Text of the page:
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Why this cobol compiler?

brief historical notes


This compiler was first implemented for generating a TSR (terminate and stay resident) program under MsDosTM for my family of microterminals [1] connected to a PC. The generated code could not be C (at that time), for there was no freely available C compiler for doing the "second phase" translation. I was supposed to generate masm-compatible assembly language.

The compiler was also required to communicate with a tiny multitasker, responsible for making the PC console available for other tasks, while doing all processing on the background. So the code had to be full reentrant (several terminals could be running it at the same time), with a separate stack and variable data segment areas, but with common literals area.

I had to disassembly a 2'' high pile of listings, to understand how to make this work inside MsDosTM, so no operation (even "puase" key) could make the system unavailable at the background, or the microterminals would not run.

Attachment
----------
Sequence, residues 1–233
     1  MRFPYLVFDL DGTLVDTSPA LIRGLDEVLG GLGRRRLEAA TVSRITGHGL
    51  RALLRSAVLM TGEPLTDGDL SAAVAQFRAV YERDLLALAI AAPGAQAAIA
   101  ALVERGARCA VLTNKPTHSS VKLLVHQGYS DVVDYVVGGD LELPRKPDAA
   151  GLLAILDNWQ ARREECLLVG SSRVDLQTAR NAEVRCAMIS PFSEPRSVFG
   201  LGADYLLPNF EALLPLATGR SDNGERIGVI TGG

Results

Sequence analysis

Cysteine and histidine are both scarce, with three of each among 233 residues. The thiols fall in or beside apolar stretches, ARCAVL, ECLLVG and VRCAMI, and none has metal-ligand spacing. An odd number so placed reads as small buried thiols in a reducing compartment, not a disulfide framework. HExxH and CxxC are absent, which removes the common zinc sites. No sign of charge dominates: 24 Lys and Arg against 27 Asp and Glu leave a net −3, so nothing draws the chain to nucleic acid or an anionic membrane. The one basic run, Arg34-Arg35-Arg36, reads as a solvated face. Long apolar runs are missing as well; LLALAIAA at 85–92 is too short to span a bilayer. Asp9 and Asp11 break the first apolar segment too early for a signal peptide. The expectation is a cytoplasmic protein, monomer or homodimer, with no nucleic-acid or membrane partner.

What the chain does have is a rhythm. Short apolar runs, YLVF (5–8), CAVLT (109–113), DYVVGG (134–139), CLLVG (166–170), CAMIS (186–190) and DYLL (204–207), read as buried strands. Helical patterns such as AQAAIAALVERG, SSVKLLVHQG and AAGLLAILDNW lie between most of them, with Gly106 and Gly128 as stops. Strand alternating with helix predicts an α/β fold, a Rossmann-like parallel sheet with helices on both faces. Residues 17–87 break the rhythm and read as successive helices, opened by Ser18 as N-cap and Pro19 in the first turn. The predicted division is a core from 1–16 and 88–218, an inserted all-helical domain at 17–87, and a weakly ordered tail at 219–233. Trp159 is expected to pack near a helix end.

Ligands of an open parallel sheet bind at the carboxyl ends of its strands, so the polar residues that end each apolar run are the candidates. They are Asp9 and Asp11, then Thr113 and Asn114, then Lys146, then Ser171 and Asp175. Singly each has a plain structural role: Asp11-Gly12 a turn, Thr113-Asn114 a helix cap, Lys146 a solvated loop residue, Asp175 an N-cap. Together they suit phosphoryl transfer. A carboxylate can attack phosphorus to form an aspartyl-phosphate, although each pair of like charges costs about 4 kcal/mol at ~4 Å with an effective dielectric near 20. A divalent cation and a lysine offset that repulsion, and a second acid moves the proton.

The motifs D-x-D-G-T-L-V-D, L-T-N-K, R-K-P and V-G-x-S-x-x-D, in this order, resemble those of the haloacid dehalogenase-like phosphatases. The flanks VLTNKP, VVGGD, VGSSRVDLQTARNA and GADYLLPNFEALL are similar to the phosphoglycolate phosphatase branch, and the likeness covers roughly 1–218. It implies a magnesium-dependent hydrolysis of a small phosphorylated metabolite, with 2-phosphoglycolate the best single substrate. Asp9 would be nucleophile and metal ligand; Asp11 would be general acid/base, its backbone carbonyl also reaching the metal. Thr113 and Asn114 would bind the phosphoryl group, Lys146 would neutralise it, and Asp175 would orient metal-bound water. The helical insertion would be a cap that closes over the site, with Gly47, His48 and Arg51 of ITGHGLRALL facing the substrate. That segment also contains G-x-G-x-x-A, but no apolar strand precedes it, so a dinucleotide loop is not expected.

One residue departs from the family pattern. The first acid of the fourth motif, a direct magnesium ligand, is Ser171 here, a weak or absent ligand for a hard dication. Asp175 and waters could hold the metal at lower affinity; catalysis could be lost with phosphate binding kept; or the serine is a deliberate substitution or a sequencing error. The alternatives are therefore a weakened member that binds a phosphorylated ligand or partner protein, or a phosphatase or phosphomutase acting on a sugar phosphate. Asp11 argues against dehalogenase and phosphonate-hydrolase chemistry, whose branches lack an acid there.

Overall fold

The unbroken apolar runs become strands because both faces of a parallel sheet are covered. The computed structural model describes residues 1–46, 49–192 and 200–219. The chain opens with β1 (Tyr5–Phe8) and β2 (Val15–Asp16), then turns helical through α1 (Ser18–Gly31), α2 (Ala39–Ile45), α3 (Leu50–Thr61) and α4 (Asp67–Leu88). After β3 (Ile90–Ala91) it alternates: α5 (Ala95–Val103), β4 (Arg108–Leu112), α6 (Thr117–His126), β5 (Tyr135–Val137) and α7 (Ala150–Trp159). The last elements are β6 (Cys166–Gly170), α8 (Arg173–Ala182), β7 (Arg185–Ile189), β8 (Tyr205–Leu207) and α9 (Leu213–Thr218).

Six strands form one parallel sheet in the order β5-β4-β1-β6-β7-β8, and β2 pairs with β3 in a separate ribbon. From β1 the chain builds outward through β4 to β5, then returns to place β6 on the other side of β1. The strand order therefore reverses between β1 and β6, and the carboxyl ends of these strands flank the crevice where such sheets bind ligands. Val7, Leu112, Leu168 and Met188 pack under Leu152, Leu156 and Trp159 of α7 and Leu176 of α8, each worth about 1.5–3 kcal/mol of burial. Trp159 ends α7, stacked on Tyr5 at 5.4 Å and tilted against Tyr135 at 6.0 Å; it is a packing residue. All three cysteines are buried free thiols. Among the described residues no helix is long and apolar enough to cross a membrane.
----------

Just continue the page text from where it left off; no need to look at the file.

The compiler was tiny, and accept only a subste of ANS-74 standard, but could easily be expanded to full compliance. There were no "MOVE CORRESPONDING" nor "ALTER" statements, as most of Cobol programmers (our customers) didn't require them. There were no report generating functions also, because of the size constraints. We were supposed to run only with the first 640KB of memory, (I couldn't put at that time interrupts servicing outside that space) while leaving sufficient space for running the "foreground" applications.

I hope everyone understand now why this crappy thing had so much restrictions. Now, as we're moving to Linux, we will do much more, as there are none of those restrictons anymore.

1. MT100 and HandTerm. The first (older) was implemented with a Z80 microprocessor. The second was a single-chip terminal, with an Altera FPGA. It featured a multipoint line, (a simple phone-line pair) achieving 250KBps transfer speed. (all done by hardware) My main job is doing hardware design, although I do spend most of my time writing software. How said software is so "soft"?